“Dad’s Old” Longines 23Z Watch

Published: June 10, 2014

We service a lot of vintage Longines wrist watches (and a fair amount of antique Longines pocket watches, too).

Longines 23Z Front View

This shows the hands, dial, and case of a lovely Longines 23Z we recently services.

The watch repair we’re discussing today another watch that belonged to a customer’s father. Wayne, a customer from a Memphis area suburb, brought the watch to me with the hope that his dad’s watch wasn’t “too far gone” and that it might be possible for it to “run again.” Like so many customers, they had tried to have it at several watch repairs with no success. The unrepaired watch had gone into a box for years before Wayne brought it to me.

Wayne was delighted when I told him we could fix it. He left the watch with me to repair.

The watch was in a sharp looking 14k gold case and had a Longines 23Z movement. This was a fairly common movement and I still see them frequently in vintage Longines watches.

There are a couple of variations of the 23Z movement, and we’ve seen them all in the shop.

Longines 23Z Variations

  • 23Z – Hour and Minute hands with sub-second hand.
  • 23ZD – also has a sub second, but adds a date function.
  • 23ZS – hour and minute hands with a sweep second hand. The hand isn’t at the six o’clock, it “sweeps” around the dial through the center pinion, above the hour and minute hands.
  • 23ZSD – Hour and minute hands with
Longines 23Z Movement Dial Down Shot

This shows a fully serviced Longines 23Z movement.

Based on the serial number, I would date production of this watch to late 1952. Customers always seem to love the look, feel, and function of Longines watches from the late 1940’s and 1950’s, which is why the so frequently have them repaired.

We fully disassembled the movement. It was gummed up badly, the mainspring was broken, and the hairspring looked troubled. These are all easily rectified problems. We disassembled the watch completely, cleaned it, hand oiled it, and reassembled it.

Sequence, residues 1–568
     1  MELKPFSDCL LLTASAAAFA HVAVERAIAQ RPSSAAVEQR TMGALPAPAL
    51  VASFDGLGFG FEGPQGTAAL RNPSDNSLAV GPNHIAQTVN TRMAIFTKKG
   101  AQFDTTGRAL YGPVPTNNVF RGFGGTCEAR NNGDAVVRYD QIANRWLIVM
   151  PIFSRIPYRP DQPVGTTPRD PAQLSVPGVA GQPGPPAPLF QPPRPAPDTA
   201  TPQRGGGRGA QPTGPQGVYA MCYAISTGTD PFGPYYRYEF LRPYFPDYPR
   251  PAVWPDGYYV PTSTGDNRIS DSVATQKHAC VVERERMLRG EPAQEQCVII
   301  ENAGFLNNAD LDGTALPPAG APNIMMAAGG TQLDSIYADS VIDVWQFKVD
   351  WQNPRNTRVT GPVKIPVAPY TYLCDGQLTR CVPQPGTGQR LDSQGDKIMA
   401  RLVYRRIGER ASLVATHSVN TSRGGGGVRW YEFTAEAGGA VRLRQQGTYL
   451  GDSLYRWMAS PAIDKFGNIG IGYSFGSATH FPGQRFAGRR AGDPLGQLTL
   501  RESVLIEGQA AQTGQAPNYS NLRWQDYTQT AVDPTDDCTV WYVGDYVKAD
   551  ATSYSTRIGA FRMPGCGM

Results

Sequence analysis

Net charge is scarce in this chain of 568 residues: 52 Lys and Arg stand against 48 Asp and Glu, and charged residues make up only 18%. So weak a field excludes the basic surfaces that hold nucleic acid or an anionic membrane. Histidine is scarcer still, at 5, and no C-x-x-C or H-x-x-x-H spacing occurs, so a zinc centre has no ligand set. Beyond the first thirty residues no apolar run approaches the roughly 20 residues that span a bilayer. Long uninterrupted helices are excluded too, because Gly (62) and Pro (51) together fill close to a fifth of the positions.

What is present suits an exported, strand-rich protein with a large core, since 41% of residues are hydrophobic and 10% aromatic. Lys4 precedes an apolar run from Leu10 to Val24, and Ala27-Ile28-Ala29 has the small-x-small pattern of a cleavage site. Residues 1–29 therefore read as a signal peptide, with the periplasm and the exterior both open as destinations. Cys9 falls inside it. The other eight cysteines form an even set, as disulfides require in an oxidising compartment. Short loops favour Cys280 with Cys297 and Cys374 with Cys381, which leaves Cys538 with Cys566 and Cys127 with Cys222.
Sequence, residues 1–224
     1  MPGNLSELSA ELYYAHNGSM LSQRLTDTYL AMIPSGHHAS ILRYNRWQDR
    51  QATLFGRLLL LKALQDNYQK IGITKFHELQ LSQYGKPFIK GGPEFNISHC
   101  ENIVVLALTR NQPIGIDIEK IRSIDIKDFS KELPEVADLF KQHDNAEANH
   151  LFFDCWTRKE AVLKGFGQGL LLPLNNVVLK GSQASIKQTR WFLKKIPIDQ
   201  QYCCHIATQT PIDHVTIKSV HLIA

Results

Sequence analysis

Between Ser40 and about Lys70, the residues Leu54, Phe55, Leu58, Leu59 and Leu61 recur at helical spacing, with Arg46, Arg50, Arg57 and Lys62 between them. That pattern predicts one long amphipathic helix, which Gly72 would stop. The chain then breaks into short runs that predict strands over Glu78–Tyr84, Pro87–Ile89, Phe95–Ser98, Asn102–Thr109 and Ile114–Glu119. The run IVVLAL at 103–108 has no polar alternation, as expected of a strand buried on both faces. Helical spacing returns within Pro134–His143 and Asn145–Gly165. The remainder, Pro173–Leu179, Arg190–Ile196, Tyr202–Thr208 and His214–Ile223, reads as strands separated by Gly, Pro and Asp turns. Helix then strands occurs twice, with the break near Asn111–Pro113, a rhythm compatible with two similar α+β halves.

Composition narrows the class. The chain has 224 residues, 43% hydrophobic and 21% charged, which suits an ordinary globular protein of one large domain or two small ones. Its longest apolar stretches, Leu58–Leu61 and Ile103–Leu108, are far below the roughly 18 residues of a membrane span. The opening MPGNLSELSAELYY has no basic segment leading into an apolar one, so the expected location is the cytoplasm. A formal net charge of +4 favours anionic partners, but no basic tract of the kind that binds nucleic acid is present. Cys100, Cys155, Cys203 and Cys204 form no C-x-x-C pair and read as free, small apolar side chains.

The watch went from having a gummed up train of wheels to being absolutely free train of wheels. Check. This meant that after we adjusted, cleaned, and oiled it, everything had the correct amount of end shake and freedom, without having too much play. Everything was perfect.

With the train of wheel as it should be, we next inspected the pallet fork to make sure the pallet stones are perfectly level and that nothing has been moved or damaged after the initial inspection during disassembly. This was also fine, so we put in the balance – and a problem arose. I inspected the balance and found that the hairpsring was a bit out of true. We had missed that – the hairspring has to be perfectly flat and it cannot rub on anything around it, be it the balance wheel arms, the balance bridge, etc. As I went to true the hairspring, it quickly became obvious that I had missed something big – someone had mangled this in the past, badly. I spent an hour trying to reconcile the differences before it became obvious that the customer would be better served with a new hairspring. After contacting the customer, we did just that.

Once we serviced the watch, we carefully polished and cleaned the case, band, and crystal. A pet peeve of ours is overpolishing. You can make a case look great, but it is temporary, and over the years heavy polishing can be very damaging. Careful, minimal polishing is one of the greatest services we can provide to customers.

On final reassembly, the watch is keeping wonderful time. I consider this Longines watch to be a family heirloom. With regular service, it will make a stylish vintage timepiece that the family can be proud of for generations.

We fixed this watch, and we’d love to fix yours too. Please contact us about any watch repair needs you have at 800-251-1484.